With rust-libp2p now available over WebRTC Transport in the browser, we have enabled developers to build full stack applications in Rust without the need for external certificate authorities or user setup steps. These full stack rust-libp2p (opens new window) apps can connect from the browser to a node running at home (and eventually browser to browser). Due to the power and flexibility we gain from self-signed certificates, we enable node operators the ability to decentralize their infrastructure that runs the libp2p node.

# Benefits of Full Stack rust-libp2p

Now that we have rust-libp2p (opens new window) over WebRTC on both the server and the browser, we can share code between the two layers of the stack! Writing isomorphic code like this speeds up development by writing the code only once, and running it anywhere. An additional benefit is a single code base makes reviews and debugging much easier on developers.

Capitalizing on this benefit, we were even able to move a lot of code out of the server WebRTC crate into a common WebRTC utilities crate (opens new window) within the rust-libp2p repo.

# How does libp2p use WebRTC?

# Data Channels

WebRTC's flagship purpose in peer-to-peer communications is for connecting media (audio and video). However, there is also a powerful data channel (opens new window) API available which allows users to exchange data streams as well. This is what libp2p uses at the transport layer. By tapping into this data channel API, we have been able to build the libp2p Transport over WebRTC.

# Server WebRTC vs Browser WebRTC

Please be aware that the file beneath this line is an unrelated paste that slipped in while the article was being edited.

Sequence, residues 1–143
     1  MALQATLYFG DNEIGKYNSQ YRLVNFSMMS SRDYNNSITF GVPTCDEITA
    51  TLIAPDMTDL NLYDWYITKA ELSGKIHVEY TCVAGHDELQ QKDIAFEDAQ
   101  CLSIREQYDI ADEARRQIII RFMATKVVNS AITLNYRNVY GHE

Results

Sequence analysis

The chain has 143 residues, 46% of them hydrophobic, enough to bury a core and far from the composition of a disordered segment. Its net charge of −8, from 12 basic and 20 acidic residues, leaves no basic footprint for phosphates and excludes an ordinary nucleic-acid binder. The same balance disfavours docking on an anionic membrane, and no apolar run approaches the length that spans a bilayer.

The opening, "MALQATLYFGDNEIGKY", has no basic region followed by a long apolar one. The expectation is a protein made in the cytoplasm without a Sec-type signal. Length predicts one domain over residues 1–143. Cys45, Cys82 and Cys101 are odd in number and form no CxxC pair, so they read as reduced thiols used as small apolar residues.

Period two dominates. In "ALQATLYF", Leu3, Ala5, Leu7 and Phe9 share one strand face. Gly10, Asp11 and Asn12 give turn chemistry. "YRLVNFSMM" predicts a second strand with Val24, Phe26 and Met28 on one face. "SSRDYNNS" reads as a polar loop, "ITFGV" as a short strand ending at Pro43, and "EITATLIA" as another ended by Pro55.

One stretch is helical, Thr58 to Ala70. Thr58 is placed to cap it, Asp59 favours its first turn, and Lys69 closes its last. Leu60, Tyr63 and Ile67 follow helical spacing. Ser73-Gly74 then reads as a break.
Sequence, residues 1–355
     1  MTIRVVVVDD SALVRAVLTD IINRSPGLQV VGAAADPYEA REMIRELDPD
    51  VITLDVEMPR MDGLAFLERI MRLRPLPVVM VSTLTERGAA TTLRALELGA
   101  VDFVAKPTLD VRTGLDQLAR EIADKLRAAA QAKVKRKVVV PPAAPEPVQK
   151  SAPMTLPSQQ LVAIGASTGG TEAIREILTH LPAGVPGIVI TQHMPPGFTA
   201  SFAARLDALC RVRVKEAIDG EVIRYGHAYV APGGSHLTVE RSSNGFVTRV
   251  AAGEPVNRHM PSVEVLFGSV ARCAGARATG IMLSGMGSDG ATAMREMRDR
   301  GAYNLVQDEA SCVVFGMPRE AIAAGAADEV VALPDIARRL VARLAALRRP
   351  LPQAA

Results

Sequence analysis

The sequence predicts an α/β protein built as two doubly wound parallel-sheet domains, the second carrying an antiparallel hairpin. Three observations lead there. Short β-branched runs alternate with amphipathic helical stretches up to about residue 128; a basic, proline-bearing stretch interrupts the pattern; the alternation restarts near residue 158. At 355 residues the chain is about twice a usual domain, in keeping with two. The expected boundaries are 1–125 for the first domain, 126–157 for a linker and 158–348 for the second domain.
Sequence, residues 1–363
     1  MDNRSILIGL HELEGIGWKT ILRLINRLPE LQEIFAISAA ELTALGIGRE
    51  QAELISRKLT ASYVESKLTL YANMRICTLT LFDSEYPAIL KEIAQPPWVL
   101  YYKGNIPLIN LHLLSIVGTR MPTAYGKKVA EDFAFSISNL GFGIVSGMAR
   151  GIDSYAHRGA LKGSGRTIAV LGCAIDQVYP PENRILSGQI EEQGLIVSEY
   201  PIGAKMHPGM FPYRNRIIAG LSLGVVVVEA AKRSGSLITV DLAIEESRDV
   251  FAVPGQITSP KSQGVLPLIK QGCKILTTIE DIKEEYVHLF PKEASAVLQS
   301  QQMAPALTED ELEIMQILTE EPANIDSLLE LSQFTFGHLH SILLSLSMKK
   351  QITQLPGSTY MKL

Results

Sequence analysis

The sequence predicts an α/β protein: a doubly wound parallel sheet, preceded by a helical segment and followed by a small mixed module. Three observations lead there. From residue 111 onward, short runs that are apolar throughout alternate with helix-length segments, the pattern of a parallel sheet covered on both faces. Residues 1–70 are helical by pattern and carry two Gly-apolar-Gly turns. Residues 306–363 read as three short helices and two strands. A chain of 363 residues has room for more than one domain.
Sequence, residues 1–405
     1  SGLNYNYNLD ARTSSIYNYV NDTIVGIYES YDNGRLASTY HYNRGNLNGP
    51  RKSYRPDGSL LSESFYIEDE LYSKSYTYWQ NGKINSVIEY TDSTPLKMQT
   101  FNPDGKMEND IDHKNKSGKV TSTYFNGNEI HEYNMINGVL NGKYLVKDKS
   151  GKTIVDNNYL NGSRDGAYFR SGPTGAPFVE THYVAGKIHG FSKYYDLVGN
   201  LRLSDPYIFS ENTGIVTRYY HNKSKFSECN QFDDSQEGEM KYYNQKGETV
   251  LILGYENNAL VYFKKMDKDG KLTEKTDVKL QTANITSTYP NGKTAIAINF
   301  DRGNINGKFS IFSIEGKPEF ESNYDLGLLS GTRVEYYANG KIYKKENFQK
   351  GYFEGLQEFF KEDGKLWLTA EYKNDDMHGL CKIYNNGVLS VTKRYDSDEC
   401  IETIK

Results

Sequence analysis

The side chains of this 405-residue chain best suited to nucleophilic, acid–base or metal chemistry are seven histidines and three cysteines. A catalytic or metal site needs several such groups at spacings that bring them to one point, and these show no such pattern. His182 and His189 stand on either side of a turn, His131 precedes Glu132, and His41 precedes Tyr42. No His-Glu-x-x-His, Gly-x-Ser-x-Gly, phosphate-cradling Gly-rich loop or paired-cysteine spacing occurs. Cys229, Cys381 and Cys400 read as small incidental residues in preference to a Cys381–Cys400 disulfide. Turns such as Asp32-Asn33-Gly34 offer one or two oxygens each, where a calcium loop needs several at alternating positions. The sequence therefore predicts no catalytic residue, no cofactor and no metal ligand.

Using WebRTC on the server involves using a Rust crate (currently webrtc-rs (opens new window)), but in the browser it is available to Rust through browser bindings from a crate called web-sys (opens new window) and then compiling the Rust code to WebAssembly (or, "wasm" for short). By wrapping the WebRTC bindings in a libp2p Transport, we have been able to enable the browser to establish connections over WebRTC in pure Rust compiled to WebAssembly!

# Breaking down the stack

Here is how libp2p uses WebRTC:

  • The browser provides WebRTC programmatically through the Web API
  • wasm-bindgen provides bindings to the WebRTC API in Rust through a crate called web-sys (opens new window)
  • Then rust-libp2p wraps these web-sys bindings to implement a WebRTC Transport
  • This Transport is made available for any application (such as Kademlia, Gossipsub, etc.) to use
  • Finally, the Rust code is compiled to WebAssembly and runs in the browser's runtime

# Demo

There is a full stack example in the repo (opens new window).

The demo runs an local rust-libp2p WebRTC server, compiles the browser side Rust to WebAssembly, hosts the code, and pings back and forth with that server. It's intended to be a simple example to get you up and running with WebRTC as a Transport.

# What's next?

There is still work to be done to connect browser-to-browser in Rust.

We are always looking for more help and support from other community members to make this happen.

Having rust-libp2p available in the browser means we can tap into the rich crates.io ecosystem of Rust to build really cool connected apps. Apps built with front-end frameworks like Leptos (opens new window), Yew (opens new window), and dioxus (opens new window) can now plug into libp2p within Rust.

We can't wait to see what you build!